Threlkeld: A £ 7.9 million funding package has been agreed to enable work to start on the final phase of reconnecting the Keswick to Threlkeld Multi User Trail, which was severely damaged in Storm Desmond three years ago.
Warrington: Good progress was made on the new Warrington West station during a line possession over the Christmas holiday period. The December work programme included installation of the footbridge and lift shafts. The opening date is the middle of the year.
Bournemouth: The East Cliff Funicular Railway, damaged by a landslip in April 2016, will stay closed until further notice because the borough council does not have the funds for its repair.
Dungeness: More than 80 years after its closure to passengers, the remains of the windswept single platform station are still to be seen close to the terminus of the narrow gauge Romney, Hythe & Dymchurch Railway. While the wooden platform has almost completely rotted away, the concrete foundations of the rudimentary timber building are still in evidence.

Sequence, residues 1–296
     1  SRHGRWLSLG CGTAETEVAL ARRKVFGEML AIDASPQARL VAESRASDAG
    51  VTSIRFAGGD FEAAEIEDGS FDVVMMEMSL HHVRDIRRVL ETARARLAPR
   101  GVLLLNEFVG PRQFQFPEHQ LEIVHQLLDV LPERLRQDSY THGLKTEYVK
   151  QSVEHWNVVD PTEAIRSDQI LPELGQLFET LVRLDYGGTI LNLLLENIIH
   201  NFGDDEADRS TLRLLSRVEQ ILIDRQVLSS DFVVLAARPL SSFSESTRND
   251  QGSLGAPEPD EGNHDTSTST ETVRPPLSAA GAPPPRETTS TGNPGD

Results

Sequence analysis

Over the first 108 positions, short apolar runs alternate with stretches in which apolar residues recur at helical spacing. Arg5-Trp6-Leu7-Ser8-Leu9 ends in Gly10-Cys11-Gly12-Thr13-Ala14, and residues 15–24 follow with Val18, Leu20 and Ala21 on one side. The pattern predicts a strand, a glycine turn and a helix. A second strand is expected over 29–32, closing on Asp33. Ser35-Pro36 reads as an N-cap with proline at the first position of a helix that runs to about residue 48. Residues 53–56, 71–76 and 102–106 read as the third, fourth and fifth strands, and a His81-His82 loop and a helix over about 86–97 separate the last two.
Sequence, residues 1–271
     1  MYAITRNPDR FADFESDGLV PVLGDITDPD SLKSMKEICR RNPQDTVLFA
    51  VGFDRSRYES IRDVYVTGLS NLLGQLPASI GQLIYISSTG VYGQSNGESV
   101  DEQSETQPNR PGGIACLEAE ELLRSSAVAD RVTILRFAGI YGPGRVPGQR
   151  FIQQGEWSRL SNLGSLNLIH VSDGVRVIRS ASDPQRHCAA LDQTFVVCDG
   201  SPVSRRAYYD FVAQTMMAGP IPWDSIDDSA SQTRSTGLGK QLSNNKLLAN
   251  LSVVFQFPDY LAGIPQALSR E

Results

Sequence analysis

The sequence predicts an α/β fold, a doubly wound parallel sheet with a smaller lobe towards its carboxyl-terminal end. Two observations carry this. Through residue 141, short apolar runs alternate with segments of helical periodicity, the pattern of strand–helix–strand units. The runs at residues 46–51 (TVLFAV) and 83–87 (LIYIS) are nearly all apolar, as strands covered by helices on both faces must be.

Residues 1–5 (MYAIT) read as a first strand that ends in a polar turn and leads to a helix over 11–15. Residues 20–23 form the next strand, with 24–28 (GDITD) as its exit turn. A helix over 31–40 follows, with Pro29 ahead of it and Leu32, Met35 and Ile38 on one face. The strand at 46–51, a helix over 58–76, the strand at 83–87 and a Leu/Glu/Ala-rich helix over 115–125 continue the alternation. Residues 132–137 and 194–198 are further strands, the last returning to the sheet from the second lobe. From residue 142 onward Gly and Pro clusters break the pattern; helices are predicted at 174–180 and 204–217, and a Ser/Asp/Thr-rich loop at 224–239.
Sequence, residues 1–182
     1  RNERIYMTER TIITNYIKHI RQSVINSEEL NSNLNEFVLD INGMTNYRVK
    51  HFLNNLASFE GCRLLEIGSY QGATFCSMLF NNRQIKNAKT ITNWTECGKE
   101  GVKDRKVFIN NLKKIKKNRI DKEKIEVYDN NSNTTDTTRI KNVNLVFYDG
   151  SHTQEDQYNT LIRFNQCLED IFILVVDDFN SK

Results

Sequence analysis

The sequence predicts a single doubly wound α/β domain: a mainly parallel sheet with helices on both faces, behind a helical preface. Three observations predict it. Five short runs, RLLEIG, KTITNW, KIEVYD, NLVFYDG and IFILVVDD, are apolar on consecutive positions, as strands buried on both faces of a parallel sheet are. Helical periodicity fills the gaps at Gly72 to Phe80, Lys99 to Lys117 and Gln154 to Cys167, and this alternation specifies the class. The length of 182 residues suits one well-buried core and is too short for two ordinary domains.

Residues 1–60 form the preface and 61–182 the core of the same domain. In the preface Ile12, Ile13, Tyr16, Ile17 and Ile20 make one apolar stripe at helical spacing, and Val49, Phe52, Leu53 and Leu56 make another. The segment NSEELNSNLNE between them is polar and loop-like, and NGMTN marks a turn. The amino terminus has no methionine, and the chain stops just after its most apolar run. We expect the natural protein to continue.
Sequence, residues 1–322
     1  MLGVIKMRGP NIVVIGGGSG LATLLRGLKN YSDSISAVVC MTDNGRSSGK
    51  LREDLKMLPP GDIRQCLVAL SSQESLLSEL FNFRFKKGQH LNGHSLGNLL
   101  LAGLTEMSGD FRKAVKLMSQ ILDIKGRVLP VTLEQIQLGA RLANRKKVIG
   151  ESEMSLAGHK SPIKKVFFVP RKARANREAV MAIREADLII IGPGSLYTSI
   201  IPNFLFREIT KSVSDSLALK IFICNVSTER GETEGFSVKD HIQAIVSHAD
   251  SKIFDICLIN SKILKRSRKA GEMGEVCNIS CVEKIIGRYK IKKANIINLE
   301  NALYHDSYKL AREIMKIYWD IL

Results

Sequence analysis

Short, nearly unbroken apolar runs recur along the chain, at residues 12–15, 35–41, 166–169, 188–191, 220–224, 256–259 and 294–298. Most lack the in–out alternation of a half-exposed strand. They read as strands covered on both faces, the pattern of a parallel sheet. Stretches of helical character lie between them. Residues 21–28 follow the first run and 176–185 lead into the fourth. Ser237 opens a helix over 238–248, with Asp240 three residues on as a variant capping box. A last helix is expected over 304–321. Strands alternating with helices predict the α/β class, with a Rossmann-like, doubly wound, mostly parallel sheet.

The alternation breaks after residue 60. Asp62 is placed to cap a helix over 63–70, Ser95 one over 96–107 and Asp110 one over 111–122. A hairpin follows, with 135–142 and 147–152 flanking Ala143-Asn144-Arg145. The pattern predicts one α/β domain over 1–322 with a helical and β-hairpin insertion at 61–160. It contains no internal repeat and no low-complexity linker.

Kingsnorth: Network Rail has ruled against a new station on the Ashford- Hastings line to serve a new housing development. It says it would simply abstract passengers from Ashford International rather than generate new business, and also increase journey times on the route.
Richmond: January 1 was the 150th anniversary of the opening of the West London Joint Railway’s line to Addison Road station ( now Kensington Olympia). Parts of this are now the London Overground.
Aberdeen: Reinstatement of the mothballed Waterloo freight branch is reported to have been completed to a high standard.
Aviemore: Highlands and Islands Enterprise ( HIE) has taken over the running of CairnGorm Mountain snowsports centre and funicular railway, after the business went into administration during November because of cash- flow problems.